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[bctt tweet=”Impact investing fills a vital funding gap at a time when so many people are struggling” username=”SheLeadsAfrica”]

First things first, what is impact investing?

Impact investing refers to investments in entities and funds with the purpose of generating a determinate, positive social or environmental impact, along with a financial return. Another term for impact investing is “socially responsible investing.” Impact investments can target a range of returns from below-market to market rate, depending upon the circumstances, in both emerging and developed markets.

With impact investing on the rise globally, the market provides capital to address the most pressing challenges in sectors such as housing, education, sustainable agriculture, green technology, and healthcare. As such, impact investing counters conventional views that social and environmental issues can only be addressed by philanthropic donations.

Impact investing reduces the burden on philanthropists and other not-for-profit entities by stepping in to fill a vital funding gap at a time when so many people are struggling, and the programs meant to support them are more strained than ever. Indeed, the world truly needs impact investments.

Impact investing looks at impact, social and investment return. Here, you target an entire system when you look at the social return and convert it into an economic return, education, create jobs, improve health, and take the burden off the government. This kind of investment can save the government more money so that can in turn, be invested into developing other critical infrastructure in the continent.

Opportunities abound

John Pierpont “J. P.” Morgan was an American Financier and banker who dominated corporate finance and industrial consolidation in late 19th and early 20th Century United States. He, in 2014, along with Monitor Deloitte and the Calvert Foundation, predicted investments to increase from US$60 billion to between US$400 billion and US$1 trillion worldwide in the next five years.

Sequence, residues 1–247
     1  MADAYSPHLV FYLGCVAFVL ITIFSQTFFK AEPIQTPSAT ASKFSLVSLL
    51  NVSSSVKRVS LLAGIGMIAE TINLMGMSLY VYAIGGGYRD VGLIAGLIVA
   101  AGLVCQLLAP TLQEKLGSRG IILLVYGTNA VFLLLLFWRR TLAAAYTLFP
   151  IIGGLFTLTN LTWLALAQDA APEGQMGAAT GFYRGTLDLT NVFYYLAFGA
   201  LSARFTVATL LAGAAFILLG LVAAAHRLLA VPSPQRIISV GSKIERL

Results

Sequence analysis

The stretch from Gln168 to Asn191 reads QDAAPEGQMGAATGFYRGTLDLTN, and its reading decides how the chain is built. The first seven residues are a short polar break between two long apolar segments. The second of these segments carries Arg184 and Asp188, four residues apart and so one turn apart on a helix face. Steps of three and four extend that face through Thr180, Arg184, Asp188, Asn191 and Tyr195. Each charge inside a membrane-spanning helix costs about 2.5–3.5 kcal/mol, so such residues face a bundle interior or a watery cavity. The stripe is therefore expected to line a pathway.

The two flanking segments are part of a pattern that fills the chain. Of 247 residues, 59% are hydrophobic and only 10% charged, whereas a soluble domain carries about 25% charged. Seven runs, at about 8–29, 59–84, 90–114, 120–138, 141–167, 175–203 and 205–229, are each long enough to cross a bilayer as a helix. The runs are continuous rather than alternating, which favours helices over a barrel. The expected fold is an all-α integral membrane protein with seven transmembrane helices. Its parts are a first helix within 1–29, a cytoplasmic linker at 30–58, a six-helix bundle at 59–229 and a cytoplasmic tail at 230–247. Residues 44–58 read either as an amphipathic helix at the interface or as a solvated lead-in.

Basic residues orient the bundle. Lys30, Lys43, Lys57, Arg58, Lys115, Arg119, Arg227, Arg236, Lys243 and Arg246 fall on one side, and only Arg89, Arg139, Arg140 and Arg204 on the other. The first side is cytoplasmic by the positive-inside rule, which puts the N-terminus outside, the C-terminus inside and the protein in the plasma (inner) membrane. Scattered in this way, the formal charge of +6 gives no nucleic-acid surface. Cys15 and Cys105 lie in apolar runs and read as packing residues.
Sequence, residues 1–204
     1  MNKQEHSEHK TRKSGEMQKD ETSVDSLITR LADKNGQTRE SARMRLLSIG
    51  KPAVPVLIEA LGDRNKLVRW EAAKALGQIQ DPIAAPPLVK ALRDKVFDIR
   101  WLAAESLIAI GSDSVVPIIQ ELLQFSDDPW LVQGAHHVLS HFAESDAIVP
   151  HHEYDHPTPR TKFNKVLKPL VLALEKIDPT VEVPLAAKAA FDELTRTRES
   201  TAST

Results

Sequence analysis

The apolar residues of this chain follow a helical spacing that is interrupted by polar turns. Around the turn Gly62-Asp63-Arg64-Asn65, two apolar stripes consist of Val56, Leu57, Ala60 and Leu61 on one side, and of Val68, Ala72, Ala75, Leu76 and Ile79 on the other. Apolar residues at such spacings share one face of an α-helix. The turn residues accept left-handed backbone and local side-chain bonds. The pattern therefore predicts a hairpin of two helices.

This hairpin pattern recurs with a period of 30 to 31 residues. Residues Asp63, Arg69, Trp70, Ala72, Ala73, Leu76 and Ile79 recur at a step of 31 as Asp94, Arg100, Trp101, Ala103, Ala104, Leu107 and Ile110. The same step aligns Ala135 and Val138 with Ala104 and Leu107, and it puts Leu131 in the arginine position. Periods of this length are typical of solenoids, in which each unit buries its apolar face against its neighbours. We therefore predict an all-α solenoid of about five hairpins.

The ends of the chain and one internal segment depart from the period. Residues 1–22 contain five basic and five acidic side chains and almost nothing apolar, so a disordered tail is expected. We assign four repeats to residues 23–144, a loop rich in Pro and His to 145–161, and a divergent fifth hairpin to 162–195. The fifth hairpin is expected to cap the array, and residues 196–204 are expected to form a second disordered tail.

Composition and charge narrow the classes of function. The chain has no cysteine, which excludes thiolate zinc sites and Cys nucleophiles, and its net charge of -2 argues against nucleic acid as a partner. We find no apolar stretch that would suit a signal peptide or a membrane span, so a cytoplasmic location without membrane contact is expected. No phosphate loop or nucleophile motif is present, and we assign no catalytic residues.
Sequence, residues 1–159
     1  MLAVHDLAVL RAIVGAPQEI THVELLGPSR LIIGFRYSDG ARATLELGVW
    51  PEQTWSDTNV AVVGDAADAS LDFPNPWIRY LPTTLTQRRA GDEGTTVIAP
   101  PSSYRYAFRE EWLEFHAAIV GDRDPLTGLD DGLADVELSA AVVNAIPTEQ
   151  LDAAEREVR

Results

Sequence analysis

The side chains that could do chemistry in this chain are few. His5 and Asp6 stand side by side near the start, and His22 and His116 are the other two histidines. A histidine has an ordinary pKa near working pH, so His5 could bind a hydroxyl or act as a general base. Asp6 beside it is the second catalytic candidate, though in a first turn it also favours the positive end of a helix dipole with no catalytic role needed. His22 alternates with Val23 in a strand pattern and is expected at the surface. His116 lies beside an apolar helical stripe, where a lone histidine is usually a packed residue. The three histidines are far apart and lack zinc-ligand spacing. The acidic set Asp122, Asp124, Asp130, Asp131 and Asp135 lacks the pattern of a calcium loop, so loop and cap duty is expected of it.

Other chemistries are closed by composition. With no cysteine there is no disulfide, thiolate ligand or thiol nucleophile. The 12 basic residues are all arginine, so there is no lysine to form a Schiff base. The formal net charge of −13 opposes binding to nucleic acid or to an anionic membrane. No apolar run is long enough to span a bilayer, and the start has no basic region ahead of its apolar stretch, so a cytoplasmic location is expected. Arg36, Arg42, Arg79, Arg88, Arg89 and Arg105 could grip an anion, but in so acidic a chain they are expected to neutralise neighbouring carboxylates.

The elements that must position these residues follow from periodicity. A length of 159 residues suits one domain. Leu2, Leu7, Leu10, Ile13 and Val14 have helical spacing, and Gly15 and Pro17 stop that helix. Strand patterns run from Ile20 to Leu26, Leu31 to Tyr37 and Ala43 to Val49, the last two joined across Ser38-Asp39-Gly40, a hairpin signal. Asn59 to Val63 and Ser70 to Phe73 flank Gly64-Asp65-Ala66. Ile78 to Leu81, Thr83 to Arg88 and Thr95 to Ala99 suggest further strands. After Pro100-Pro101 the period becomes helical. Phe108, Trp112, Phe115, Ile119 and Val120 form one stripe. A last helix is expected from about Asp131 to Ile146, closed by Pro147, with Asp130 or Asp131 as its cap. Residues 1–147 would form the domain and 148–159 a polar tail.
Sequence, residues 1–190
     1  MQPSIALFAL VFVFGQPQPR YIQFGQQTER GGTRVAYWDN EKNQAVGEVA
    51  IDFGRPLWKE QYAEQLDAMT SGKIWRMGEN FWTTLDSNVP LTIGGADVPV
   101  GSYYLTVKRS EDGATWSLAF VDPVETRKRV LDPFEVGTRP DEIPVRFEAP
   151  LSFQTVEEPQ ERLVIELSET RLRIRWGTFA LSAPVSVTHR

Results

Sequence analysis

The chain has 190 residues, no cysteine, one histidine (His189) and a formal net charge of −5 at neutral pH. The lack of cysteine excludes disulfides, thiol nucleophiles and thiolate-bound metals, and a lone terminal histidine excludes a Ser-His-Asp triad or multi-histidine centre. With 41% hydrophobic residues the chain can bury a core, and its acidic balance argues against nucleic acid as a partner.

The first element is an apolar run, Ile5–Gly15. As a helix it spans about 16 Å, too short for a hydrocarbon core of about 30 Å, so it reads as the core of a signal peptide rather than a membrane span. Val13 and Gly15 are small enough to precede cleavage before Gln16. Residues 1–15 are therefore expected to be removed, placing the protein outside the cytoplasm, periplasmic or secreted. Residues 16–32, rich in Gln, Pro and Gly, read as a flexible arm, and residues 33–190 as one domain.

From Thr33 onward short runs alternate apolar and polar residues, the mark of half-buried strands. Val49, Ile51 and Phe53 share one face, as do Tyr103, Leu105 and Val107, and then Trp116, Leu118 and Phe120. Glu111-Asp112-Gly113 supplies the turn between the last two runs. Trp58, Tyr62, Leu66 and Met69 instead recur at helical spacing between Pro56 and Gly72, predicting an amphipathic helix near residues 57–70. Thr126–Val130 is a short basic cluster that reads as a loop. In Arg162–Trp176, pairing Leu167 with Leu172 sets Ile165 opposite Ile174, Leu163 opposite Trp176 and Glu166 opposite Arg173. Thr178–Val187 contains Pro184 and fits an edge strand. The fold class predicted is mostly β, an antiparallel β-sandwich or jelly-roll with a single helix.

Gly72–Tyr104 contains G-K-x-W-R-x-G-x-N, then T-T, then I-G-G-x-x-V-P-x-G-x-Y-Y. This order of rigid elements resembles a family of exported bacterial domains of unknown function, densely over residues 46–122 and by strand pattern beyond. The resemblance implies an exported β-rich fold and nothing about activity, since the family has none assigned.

Additionally, of this number, 22 percent of global impact enterprises are located in Sub-Saharan Africa, and much of the opportunity lies throughout the continent.

No matter where you are in the world, chances are that impact investing is happening all around you. You may not realize it, but a road under construction could have been made possible by impact investments – or a new school, a new water filtration system, a wind farm. The possibilities are endless. But one common thread remains the same: impact investing, at its core, is about the investor’s intention to facilitate a beneficial social or environmental impact that goes beyond the individual. It is not a practice solely for personal gain but rather for the greater good. After all, what again is the definition of an investment in its truest sense? “A devoting, using, or giving of time, talent, emotional energy, as for a purpose or to achieve something.”

[bctt tweet=”Chances are that impact investing is happening all around you, here’s how to get into it” username=”SheLeadsAfrica”]

Ready to get started in impact investment? Some next steps

Marina Leytes is an Impact Consultant. Most recently, she worked with the World Economic Forum’s blended finance and Impact Investing Initiatives; among others. As outlined by Marina, there are at least seven steps that any individual who desires to pursue Impact Investing, should consider.

  1. Explore: Discover and build an initial understanding of the principles and practices of impact investing.
  2. Reflect: Identify your motivations—why you wish to make impact investments, and how those investments might fit within your broader “portfolio” of impact (philanthropy, work, advocacy, etc).
  3. Assess: Determine the specific needs and constraints that govern your asset owning entities and consider how those needs and constraints shape your investment strategies.
  4. Strategize: Develop an actionable impact investing strategy, guided by an understanding of your personal motivations and objectives, and the needs and constraints.
  5. Invest: Make impact investments! You can make these investments across asset classes, sectors, geographies, impact strategies and return profiles.
  6. Measure: Gather and assesses performance and impact data from the existing investments to determine whether the investments are achieving their objectives and meet the requirements of your impact investment strategy.
  7. Optimize: Use the data you have gathered and the experiences you have gained through the process of making and monitoring investments to revise and/or expand your impact investment strategy, in order to continually pursue better outcomes with your investments.

Finally, these are some Impact Investing Institutions and the areas they operate:

  • Global Impact Investing Network (GIIN): operating in Kenya, Ghana, India, France and the Netherlands.
  • Rockefeller Foundation: operating in Cote d’Ivoire, Ghana and Senegal.
  • Acumen : Accra, USA, Kenya, Pakistan and India.

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